Calgary takes first steps toward becoming an Open City

A motion will go before Calgary’s City Council next week that outlines the first steps in the process of making Calgary an Open City. Calgary follows in the footsteps of Vancouver, which passed a similar motion back in May. DJ has all the details on the Calgary motion here. I think it’s pretty cool that the news is first announced on a blog!

Calgary’s motion will result in a report from City Administration to be presented to Council no later than December 2009, outlining the overall strategy for making Calgary an open city. In particular, the report will identify “opportunities to make more of The City’s data open and accessible while respecting privacy and security concerns , and ensuring that data is available through use of open standards, interfaces and formats.” Other aspects of the strategy will include increasing online citizen participation, procuring and supporting open source technologies, and increasing the number of City services available online.

This is exciting news for developers and other creative professionals in Calgary and elsewhere. I’ve been pushing for open data in Edmonton recently, and I really hope we’re not too far behind our southern neighbours on this issue. There are a number of advantages to making data available in open standards and formats:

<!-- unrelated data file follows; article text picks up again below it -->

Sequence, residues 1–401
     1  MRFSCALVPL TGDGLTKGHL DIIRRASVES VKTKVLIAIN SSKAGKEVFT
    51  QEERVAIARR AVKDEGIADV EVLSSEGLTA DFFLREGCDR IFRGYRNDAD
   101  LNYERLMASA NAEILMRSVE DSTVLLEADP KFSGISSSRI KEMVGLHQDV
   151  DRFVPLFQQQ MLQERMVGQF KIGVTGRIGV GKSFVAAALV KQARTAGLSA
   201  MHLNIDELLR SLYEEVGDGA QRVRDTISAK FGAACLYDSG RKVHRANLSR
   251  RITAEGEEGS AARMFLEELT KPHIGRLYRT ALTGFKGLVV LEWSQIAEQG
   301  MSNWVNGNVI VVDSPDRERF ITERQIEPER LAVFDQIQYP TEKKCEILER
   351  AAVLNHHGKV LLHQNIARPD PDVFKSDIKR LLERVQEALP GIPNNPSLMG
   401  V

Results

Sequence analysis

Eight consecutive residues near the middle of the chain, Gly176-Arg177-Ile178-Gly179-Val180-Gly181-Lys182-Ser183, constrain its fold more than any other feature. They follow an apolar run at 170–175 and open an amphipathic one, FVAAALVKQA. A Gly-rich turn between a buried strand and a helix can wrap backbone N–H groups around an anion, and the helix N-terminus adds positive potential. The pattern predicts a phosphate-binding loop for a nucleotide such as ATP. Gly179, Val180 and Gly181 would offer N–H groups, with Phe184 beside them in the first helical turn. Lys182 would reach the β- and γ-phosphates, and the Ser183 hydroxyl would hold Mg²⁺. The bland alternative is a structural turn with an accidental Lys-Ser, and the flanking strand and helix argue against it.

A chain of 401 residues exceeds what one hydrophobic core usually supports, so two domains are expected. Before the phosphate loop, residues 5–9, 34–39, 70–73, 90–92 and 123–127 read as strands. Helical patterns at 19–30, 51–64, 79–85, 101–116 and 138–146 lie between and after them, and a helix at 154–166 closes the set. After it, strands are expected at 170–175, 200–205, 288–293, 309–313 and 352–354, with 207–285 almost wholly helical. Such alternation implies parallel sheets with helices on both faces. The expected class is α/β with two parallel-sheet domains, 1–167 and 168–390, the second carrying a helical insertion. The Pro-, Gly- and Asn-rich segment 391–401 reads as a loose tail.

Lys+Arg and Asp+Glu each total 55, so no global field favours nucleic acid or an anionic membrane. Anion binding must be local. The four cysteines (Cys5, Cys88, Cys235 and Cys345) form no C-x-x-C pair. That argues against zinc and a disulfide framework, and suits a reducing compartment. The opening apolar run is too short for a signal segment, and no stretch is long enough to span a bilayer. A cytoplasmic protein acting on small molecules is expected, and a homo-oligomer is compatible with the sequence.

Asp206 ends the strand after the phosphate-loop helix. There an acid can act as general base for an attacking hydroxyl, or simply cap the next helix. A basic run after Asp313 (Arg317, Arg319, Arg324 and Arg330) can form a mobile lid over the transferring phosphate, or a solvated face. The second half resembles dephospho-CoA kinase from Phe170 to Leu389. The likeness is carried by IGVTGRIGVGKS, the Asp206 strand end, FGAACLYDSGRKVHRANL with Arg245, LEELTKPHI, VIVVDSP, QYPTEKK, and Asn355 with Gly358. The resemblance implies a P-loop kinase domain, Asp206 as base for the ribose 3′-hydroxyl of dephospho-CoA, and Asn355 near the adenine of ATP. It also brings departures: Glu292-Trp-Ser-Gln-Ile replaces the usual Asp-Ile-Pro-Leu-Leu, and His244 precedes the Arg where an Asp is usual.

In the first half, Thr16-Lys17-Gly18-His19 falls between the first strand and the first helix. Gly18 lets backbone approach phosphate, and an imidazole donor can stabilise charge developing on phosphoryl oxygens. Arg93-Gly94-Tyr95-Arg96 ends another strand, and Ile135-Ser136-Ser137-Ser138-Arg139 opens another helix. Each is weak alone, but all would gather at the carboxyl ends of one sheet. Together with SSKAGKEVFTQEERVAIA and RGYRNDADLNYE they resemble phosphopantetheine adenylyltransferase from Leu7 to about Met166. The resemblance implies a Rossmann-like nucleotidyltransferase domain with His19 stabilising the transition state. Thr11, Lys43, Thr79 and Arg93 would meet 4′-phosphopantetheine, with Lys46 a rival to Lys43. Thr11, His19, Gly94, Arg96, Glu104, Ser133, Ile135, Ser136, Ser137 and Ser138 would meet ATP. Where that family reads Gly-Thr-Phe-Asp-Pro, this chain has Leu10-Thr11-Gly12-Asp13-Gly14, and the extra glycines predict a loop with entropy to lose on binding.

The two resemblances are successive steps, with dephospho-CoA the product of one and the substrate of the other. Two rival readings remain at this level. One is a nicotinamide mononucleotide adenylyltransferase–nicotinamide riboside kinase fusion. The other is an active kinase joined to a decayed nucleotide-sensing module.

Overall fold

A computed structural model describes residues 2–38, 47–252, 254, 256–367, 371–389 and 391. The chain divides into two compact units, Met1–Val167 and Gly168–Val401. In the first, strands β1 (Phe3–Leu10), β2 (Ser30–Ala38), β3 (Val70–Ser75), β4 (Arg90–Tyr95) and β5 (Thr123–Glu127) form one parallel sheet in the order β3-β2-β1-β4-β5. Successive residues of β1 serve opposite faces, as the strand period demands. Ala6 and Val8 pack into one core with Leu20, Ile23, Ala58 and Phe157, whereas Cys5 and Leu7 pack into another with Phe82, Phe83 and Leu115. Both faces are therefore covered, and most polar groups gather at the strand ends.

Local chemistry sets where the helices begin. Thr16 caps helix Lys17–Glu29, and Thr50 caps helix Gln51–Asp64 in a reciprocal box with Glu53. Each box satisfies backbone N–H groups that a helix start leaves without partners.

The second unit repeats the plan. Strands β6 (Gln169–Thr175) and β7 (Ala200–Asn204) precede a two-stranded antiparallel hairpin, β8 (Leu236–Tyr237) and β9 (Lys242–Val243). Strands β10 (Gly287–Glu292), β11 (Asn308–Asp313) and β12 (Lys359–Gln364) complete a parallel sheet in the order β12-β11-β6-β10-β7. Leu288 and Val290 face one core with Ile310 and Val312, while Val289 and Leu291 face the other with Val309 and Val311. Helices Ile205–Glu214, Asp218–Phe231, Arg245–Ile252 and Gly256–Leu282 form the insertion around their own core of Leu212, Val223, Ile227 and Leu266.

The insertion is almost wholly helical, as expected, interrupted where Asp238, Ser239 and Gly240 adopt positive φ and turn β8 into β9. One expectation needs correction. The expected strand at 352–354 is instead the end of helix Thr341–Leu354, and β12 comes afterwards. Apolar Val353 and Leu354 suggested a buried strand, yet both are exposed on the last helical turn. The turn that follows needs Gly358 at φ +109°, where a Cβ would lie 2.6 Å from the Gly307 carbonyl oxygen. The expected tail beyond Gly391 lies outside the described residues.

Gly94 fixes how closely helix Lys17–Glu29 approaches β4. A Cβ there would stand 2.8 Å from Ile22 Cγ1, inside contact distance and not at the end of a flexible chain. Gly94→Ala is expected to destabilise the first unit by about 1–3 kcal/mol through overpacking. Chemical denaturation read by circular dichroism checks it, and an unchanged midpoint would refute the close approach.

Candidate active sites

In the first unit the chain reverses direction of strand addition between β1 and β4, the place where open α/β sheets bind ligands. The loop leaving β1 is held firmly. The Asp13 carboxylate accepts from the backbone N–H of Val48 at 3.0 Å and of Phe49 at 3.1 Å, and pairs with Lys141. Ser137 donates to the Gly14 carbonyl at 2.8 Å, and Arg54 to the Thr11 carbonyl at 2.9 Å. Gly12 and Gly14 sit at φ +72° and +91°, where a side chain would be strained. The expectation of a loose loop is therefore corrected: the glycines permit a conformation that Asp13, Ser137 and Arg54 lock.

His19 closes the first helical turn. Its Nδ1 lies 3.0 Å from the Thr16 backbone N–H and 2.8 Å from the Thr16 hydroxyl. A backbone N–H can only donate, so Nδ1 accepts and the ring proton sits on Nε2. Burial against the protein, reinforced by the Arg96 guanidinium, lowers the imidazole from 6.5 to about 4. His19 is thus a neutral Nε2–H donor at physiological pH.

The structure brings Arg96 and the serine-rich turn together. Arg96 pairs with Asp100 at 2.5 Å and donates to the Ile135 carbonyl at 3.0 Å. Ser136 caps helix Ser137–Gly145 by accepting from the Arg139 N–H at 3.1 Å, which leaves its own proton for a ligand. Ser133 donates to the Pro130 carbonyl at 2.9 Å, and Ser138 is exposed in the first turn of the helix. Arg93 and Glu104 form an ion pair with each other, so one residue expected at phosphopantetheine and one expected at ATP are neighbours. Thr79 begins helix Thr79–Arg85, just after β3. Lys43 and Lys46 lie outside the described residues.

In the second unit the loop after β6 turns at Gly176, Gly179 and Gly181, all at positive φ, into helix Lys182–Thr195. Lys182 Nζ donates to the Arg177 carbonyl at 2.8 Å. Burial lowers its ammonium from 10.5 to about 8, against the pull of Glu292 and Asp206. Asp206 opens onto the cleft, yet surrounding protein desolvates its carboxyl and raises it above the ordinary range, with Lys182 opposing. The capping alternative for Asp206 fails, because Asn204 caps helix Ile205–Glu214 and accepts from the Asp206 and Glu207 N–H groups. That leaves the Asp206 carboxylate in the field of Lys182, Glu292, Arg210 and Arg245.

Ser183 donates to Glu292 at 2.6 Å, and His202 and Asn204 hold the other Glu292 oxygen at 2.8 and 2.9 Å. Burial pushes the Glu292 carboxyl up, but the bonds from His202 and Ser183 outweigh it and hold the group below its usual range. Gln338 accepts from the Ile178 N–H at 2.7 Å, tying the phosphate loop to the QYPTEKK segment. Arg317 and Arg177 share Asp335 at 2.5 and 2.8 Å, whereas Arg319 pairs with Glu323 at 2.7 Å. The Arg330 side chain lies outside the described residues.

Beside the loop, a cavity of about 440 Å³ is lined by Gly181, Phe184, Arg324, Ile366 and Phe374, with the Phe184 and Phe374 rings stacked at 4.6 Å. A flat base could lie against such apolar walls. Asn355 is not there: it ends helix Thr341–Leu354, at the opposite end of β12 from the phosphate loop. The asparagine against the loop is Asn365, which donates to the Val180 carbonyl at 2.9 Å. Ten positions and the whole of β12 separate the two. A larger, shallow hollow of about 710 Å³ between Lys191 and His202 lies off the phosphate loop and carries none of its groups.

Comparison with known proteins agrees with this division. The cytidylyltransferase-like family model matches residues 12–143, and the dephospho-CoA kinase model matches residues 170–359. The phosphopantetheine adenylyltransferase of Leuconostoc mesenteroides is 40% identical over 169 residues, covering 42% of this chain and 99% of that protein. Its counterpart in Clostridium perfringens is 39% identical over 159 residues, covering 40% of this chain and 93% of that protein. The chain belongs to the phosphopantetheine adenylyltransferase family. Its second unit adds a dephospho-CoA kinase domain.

• Citizens can subscribe to data that is of interest to them
  • Data can be mashed together in new ways, revealing new information
  • Visualization of data can help citizens make better decisions
  • Citizens can work together to organize data
  • Government can learn more about its data from citizen contributions

Additionally, using well-understood, open formats such as XML or CSV helps to “future-proof” the data. You don’t need proprietary technology to read a CSV file – any programming language or software platform will work.

One issue that isn’t mentioned in Calgary’s motion but which is very important, is licensing. It’s important that when Calgary does make data available, that it does so in the least restrictive way possible. Either public domain, or creative commons, or something similar. It would be a shame if they made a ton of data available and then had ridiculous terms of use around it.

Open data is about empowering citizens to work with their governments. I’m encouraged by the recent interest among municipalities in Canada, and I hope the trend continues.

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